After being in the hands of the German Ambassador, who had great plans of his own for the art he had stolen (including the Northcote), the booty was then confiscated by the Einsatzstab Reichsleiter Rosenberg (ERR). The creation of the ERR was a direct result of the professed ideological objective of the Reich leadership to study Jewish life and, in particular, Jewish culture. The original proposal was to collect archives and books to create an institution devoted to anti-Jewish studies. However, by October 1940, at the insistence of Hermann Göring, the ERR quickly morphed into a greed machine for Nazi plunder of any and all works of artnot only paintings and works on paper, but also antique furniture, carpets, tapestries, objects dart, and antiquities.
Our Northcote painting, along with hundreds of other works, which were at the German Embassy, were moved first to several rooms in the Louvre, but space there was too limited. By the end of October, the ERR set up shop for processing at the Jeu de Paume. Here items were inventoried, photographed, and assigned unique ERR alphanumeric codes reflecting the collection owners name. The Northcote was coded Sel. 5 which is still visible today on its stretcher and reverse of the frame.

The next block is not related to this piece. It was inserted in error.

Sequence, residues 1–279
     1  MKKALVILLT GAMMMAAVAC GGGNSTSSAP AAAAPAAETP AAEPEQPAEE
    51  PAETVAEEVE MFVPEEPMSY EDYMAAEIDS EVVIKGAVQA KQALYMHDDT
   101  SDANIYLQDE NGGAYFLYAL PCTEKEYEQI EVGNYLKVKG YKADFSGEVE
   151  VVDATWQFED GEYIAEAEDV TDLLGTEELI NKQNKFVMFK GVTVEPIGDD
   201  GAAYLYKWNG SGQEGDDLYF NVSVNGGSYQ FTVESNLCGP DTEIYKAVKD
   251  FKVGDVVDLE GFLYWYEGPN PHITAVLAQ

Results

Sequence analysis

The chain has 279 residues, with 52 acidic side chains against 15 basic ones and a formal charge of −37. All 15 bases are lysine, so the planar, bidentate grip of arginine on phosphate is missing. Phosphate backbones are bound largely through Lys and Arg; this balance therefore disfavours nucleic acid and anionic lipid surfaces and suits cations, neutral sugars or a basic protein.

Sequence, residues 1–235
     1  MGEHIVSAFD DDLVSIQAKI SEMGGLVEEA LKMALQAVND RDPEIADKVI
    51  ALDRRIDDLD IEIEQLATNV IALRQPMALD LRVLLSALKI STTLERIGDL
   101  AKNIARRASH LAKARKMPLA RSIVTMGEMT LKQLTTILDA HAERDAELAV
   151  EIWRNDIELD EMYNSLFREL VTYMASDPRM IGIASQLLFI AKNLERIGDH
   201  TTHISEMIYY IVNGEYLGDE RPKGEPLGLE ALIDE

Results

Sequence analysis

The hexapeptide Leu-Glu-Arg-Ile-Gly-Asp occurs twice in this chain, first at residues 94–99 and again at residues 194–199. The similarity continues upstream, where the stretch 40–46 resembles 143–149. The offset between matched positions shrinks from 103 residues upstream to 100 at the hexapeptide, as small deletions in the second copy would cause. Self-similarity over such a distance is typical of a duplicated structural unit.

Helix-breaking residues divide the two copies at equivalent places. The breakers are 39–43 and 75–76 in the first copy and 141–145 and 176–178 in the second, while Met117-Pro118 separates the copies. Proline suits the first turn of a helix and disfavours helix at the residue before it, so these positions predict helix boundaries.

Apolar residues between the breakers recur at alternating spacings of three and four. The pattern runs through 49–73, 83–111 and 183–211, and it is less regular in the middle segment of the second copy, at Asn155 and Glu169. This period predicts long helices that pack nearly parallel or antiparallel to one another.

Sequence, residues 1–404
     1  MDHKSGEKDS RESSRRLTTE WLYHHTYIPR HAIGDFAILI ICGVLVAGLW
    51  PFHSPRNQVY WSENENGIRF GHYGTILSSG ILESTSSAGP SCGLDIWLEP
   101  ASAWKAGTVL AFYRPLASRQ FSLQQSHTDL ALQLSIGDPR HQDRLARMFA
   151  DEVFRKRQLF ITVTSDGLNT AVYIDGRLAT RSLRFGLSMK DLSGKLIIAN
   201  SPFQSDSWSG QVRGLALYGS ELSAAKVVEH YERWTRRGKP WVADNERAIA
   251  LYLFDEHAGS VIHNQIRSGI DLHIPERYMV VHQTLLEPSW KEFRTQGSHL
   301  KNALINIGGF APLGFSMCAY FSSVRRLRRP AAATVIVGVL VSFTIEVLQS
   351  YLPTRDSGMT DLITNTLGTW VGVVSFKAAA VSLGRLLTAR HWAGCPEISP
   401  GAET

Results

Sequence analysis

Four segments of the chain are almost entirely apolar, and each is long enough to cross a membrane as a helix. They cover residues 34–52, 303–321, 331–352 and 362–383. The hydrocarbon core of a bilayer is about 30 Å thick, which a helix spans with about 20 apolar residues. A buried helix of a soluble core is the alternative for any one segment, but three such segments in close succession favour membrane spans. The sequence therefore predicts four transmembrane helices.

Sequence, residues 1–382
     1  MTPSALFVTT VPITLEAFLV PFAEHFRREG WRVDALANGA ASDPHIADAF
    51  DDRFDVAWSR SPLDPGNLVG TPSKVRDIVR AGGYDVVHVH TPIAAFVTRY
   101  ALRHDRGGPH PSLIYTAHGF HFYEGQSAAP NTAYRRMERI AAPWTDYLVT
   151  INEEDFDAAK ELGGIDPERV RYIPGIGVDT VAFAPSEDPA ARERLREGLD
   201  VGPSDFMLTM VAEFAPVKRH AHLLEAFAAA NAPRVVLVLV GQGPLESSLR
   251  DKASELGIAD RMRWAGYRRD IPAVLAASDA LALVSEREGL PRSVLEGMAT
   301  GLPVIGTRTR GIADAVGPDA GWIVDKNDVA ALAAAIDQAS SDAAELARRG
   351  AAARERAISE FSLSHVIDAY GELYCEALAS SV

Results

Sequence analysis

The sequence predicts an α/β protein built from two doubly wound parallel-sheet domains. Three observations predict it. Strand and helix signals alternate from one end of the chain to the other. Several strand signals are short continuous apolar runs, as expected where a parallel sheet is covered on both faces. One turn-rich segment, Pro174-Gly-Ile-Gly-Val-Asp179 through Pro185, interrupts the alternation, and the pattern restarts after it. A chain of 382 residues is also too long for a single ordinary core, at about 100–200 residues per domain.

During the next four years, until early August 1944, the ERR seized over 200 private Jewish collections in France and Belgium, with other Nazi organizations looting art in other parts of Europe, and dispatched many of the contents to special ERR art repositories in Bavaria and Austria. Most of the earliest art shipments from Paris went to the main ERR art repository in the legendary Bavarian castle of Neuschwanstein, but some of the most valuable art first sent to Neuschwanstein was transferred to the salt mines above Altaussee in near-by Austria, where the ERR was allotted a special storage area. At some point the Northcote was transported from the Jeu de Paume to its next recorded location in the mines above Altaussee.